A vaunted statewide tutoring program for third and fourth graders has been delayed significantly, with tutoring that was supposed to begin almost three weeks ago likely not starting until next year in some districts, according to several superintendents.
The N.J. Department of Education issued guidance on Oct. 20 — more than a week after the program was to begin — that some of the 343 districts that applied for state funding would have to collect bids from tutoring providers to do the work.
The competitive bid process requires districts to gain local school board approval, publicize their needs, advertise for 20 days and choose tutoring firms. In addition, tutoring firms will need time to hire and train additional tutors to handle students and run security checks.
The grant application instructed districts to “follow local policies and procedures for contracting with vendors as well as the Public School Contracts Laws.”
But educators and advocates say because the state had also distributed a list of approved tutoring firms and communicated unclearly about the rules, many districts remain confused about what to do.
“This is a bureaucratic problem, and they’re putting it on the backs of children,” said Paula White, executive director of JerseyCAN, a schools advocacy group. “It’s really going to be a lost opportunity for children in the state of New Jersey that need this service the most.” She called the delays “potentially devastating.”
Richard Bozza, executive director of the New Jersey Association of School Administrators, said the need to seek bids most affects districts receiving large amounts of money.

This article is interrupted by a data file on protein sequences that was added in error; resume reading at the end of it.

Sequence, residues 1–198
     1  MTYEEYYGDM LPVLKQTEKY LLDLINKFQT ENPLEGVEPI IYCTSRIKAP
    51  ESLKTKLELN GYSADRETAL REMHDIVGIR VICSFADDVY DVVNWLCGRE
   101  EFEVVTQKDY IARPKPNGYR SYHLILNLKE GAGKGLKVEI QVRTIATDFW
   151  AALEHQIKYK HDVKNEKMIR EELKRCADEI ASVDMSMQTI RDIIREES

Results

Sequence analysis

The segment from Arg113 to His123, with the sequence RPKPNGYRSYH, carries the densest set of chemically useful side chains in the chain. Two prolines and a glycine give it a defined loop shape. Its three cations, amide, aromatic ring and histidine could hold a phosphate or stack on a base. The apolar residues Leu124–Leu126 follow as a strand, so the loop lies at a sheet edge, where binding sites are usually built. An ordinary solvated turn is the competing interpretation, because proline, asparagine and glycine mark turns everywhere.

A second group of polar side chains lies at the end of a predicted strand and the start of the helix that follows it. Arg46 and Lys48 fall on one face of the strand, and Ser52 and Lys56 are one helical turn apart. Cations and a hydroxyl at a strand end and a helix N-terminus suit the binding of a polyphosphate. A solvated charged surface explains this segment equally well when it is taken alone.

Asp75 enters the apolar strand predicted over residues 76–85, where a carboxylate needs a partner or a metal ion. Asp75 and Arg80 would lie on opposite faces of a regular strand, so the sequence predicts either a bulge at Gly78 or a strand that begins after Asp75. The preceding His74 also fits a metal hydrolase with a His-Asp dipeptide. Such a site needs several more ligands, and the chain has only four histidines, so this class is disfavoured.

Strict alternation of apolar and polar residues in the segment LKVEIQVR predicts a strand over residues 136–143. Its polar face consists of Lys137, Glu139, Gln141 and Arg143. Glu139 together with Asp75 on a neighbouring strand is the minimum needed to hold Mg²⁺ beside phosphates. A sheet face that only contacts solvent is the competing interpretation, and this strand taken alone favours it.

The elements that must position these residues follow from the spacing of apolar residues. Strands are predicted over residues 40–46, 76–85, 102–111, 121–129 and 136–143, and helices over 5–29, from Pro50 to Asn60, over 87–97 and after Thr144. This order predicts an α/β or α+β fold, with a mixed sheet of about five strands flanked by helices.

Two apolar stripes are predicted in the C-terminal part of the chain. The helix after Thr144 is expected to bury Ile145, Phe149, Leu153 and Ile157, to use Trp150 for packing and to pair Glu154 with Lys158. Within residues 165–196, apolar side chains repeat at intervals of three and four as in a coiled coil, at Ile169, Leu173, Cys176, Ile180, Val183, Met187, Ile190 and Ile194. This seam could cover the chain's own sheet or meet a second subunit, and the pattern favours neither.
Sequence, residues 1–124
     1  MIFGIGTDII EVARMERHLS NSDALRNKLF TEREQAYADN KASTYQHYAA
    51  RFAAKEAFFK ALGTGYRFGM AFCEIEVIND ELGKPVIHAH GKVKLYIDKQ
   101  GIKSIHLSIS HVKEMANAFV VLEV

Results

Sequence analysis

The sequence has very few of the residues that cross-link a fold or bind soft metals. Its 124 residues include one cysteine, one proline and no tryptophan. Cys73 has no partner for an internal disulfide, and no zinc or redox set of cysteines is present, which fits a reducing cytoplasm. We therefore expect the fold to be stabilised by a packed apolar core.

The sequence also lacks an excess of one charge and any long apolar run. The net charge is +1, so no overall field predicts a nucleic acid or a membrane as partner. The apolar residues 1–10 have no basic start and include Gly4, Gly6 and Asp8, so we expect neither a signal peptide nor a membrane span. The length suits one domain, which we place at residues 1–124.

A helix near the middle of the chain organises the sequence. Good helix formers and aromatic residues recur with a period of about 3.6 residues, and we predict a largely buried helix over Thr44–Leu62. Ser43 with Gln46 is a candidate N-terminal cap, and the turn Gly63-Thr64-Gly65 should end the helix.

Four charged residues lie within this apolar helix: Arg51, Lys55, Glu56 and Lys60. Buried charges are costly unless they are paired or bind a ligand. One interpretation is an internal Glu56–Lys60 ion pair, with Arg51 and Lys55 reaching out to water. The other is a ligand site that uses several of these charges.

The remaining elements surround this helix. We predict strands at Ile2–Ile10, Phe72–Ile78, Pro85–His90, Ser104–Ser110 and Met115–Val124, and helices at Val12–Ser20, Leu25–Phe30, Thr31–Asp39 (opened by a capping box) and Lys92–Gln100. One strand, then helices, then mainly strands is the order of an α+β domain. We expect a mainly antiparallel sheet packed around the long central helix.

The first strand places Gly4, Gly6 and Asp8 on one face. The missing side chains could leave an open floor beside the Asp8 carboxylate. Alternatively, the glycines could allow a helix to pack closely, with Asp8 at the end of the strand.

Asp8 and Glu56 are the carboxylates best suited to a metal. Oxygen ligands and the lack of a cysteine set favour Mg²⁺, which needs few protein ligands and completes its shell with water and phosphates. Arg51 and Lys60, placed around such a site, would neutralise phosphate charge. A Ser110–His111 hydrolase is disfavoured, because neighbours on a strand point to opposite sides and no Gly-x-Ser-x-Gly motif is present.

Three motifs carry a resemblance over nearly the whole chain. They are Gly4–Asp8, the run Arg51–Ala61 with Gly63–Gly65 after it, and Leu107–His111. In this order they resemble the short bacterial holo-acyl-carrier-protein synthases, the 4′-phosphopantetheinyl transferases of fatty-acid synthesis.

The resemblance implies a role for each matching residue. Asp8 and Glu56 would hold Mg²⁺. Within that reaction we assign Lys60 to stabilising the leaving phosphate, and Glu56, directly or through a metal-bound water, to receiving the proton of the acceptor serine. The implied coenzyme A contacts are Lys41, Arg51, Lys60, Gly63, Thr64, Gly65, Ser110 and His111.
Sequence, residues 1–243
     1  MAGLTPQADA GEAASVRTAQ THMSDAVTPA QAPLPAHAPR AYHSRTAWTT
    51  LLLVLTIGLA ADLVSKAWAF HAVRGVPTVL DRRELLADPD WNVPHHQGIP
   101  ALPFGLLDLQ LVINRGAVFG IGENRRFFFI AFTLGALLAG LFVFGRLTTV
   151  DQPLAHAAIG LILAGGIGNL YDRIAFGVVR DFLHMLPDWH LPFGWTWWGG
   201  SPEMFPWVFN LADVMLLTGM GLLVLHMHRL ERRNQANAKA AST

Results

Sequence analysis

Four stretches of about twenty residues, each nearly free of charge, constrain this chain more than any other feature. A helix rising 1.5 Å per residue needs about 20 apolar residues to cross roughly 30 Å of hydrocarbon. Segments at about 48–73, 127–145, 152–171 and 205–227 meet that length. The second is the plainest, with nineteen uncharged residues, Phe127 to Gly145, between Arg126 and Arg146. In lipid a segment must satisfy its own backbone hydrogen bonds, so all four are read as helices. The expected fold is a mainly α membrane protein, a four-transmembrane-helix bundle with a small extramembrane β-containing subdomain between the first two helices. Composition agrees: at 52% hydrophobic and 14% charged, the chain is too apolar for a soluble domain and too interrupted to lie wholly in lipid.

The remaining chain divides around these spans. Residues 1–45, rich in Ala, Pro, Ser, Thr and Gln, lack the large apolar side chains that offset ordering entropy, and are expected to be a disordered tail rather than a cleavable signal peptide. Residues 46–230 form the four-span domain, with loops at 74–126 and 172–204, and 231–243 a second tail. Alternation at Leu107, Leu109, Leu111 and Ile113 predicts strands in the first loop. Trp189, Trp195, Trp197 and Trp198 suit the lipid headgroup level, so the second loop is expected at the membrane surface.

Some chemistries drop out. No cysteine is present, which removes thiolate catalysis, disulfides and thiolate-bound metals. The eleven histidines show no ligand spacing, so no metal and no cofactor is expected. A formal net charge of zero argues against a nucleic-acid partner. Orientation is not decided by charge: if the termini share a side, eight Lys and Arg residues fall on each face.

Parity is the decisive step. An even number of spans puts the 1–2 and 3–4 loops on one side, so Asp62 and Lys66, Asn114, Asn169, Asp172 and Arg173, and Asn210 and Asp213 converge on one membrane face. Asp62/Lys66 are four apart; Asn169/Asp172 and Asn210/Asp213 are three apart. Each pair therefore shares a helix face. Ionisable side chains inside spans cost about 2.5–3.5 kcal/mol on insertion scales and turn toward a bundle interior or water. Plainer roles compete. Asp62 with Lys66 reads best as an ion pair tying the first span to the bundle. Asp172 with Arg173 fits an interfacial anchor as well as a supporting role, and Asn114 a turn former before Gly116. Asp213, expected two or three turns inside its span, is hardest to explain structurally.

“There certainly was a misperception that the approval of the vendors by the state would permit districts to contract directly with them,” he said, adding that he felt “consternation and disappointment that the tutoring will not begin until basically the second half of the school year for many districts.”
At Tuesday’s gathering of the New Jersey School Boards Association, Acting Education Commissioner Angelica Allen-McMillan acknowledged concerns about the program.
“We thank you for your patience and know that we are working to advance this as quickly as possible,” she said.
In February, Gov. Phil Murphy introduced the $52 million high-impact tutoring effort as a “critical initiative,” noting that addressing learning loss from the pandemic “remains a top priority.” He said the small-group tutoring, which has yielded impressive results elsewhere, would occur at least twice weekly for a nine- or 10-week period.